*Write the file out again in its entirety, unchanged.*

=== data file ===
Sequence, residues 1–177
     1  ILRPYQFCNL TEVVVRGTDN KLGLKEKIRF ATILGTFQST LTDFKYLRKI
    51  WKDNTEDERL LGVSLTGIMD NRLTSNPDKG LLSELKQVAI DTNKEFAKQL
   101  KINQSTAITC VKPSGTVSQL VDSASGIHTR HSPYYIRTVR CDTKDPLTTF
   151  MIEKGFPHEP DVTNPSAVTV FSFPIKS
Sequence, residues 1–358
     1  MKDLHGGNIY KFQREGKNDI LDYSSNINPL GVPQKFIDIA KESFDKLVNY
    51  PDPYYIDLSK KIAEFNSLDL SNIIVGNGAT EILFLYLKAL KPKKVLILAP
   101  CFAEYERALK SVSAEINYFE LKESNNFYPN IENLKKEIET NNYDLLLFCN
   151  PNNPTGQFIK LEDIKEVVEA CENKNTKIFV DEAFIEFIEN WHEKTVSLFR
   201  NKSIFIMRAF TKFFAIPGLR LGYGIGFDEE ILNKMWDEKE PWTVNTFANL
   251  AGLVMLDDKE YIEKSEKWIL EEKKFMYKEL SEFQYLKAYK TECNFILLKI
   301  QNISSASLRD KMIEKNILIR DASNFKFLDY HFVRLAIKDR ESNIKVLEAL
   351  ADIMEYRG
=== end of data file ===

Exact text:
Sequence, residues 1–177
     1  ILRPYQFCNL TEVVVRGTDN KLGLKEKIRF ATILGTFQST LTDFKYLRKI
    51  WKDNTEDERL LGVSLTGIMD NRLTSNPDKG LLSELKQVAI DTNKEFAKQL
   101  KINQSTAITC VKPSGTVSQL VDSASGIHTR HSPYYIRTVR CDTKDPLTTF
   151  MIEKGFPHEP DVTNPSAVTV FSFPIKS
Sequence, residues 1–358
     1  MKDLHGGNIY KFQREGKNDI LDYSSNINPL GVPQKFIDIA KESFDKLVNY
    51  PDPYYIDLSK KIAEFNSLDL SNIIVGNGAT EILFLYLKAL KPKKVLILAP
   101  CFAEYERALK SVSAEINYFE LKESNNFYPN IENLKKEIET NNYDLLLFCN
   151  PNNPTGQFIK LEDIKEVVEA CENKNTKIFV DEAFIEFIEN WHEKTVSLFR
   201  NKSIFIMRAF TKFFAIPGLR LGYGIGFDEE ILNKMWDEKE PWTVNTFANL
   251  AGLVMLDDKE YIEKSEKWIL EEKKFMYKEL SEFQYLKAYK TECNFILLKI
   301  QNISSASLRD KMIEKNILIR DASNFKFLDY HFVRLAIKDR ESNIKVLEAL
   351  ADIMEYRG